Is your child a fussy eater or a problem feeder?
We have all heard of or know at least one toddler or young child who won’t eat their vegies or who suddenly decides they won’t eat a food they loved only the day before!
As parents it can be really stressful trying to get healthy foods or a range of different foods into young children. Sometimes it’s a mission getting any food into them at all! But at what point does a normal fussy toddler cross the line into a child with feeding problems?
Around the age of two, it is extremely common for children to become “neophobic”. That is they don’t like anything new or different and this can particularly apply to new foods. The key is to stay calm and keep offering new foods and new experiences with food. At this stage food refusal can also be about control and independence. As a two-year-old, there is very little in a child’s world that they can control, although food (and the reaction they get from you around food) is a biggie. Also, children this age have erratic appetites – some days they will eat what seems like their own body weight in food and the next day hardly a scrap. Children tend not to need as much to eat as we think they do.
However, some children have or can develop a real aversion to a wide range of foods. This can impact hugely both on the child’s health, happiness and on the family as a whole. There can be many reasons for this but when a child’s accepted food list becomes so small that it begins to affect their growth and health it may be time to call in some help….
Here are a few key differences between a fussy eater who, with the right strategies, will come out the other end largely unscathed (apart from perhaps the residual hatred of sprouts!) and a problem feeder who will require more support and guidance to get them back on track:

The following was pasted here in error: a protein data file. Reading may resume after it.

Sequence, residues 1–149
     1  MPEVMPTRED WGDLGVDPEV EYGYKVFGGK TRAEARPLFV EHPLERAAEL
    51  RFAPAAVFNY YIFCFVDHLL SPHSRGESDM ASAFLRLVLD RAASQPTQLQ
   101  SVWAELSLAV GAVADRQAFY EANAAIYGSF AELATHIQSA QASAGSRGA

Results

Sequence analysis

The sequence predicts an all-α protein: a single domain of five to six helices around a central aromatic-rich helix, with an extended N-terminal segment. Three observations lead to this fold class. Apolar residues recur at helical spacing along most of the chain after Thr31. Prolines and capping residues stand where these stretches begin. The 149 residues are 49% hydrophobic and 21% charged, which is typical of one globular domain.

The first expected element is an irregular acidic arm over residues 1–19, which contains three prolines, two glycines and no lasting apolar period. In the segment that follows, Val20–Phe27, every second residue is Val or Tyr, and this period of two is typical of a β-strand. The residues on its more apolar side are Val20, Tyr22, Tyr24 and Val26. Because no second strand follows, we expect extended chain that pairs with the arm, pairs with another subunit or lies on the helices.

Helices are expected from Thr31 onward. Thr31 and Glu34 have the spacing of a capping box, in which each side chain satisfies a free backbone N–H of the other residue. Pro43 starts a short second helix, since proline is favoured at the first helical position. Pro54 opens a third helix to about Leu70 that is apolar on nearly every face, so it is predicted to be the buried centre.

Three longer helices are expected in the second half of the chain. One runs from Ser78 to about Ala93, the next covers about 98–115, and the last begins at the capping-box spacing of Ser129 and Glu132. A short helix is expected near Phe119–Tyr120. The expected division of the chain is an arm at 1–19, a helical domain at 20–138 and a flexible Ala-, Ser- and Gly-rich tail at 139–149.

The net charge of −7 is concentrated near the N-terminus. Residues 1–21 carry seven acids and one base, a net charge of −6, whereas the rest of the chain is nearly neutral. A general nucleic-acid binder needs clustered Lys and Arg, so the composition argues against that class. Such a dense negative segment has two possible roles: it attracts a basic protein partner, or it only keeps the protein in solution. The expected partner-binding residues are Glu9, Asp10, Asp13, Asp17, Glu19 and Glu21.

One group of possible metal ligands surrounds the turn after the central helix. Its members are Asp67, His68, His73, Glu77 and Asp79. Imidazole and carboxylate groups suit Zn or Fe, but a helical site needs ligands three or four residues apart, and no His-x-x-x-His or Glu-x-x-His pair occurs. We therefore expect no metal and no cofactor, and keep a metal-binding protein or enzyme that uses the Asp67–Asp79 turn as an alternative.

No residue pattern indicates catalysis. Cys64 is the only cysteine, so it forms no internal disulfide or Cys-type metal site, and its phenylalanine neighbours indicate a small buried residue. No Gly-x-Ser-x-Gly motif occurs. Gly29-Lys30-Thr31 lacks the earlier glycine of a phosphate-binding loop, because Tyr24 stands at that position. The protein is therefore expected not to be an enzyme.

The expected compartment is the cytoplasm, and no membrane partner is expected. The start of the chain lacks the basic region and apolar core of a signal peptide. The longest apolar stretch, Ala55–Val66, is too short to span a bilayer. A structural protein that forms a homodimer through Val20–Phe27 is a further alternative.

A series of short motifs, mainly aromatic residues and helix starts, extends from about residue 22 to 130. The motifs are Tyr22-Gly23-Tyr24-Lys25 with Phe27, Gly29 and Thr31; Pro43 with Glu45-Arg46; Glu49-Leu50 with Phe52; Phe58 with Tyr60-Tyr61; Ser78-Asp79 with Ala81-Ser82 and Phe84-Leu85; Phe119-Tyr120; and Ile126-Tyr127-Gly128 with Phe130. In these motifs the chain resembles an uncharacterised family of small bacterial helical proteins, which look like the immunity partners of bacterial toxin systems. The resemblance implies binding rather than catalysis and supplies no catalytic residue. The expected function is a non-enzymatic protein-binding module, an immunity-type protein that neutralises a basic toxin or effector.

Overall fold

- From 2 years onwards children will generally be eating more than 30 different types of foods. If your child has less than 20 different foods they will eat, there may be a risk of limited nutritional intake.
- It is important that your child eats at least one food from each ‘category’. That is grains (bread, rice, pasta), fruit or vegetables, milk (includes yoghurt, cheese), meat or Iron protein (includes, lentils and dry beans) and Fat (butter, oils)
- If your child eats one food from each texture group (purée, mashed, soft finger foods, hard finger foods – when they are developmentally ready and able) then they will develop and maintain the physical skills in the mouth needed to manage foods and speech. Problem feeders tend to stick to foods from only one of these groups.
- Many young children will go through phases of stopping eating a food that they used to like. They will tend to start eating this food (or something similar) again after a 2-3 week break.
If however, foods lost from your child’s diet are not eaten again, even after a break, you may want to seek help. Particularly if it happens to many foods in an already limited diet.
- Even fussy eaters should be able to tolerate new foods being presented on their plate or on the table. They can usually even touch or taste a new food without too much effort. However those children who have real food aversions will ‘fall apart’ and become distressed when presented with a new food.
If your child struggles in more than one of the areas listed above, you may want to contact your local dietician, GP or Plunket nurse for further advice and help.
Mel Street is a mother of three young children and a qualified speech language therapist with expertise in child feeding disorder. Find Mel at smalltalktherapy.co.nz
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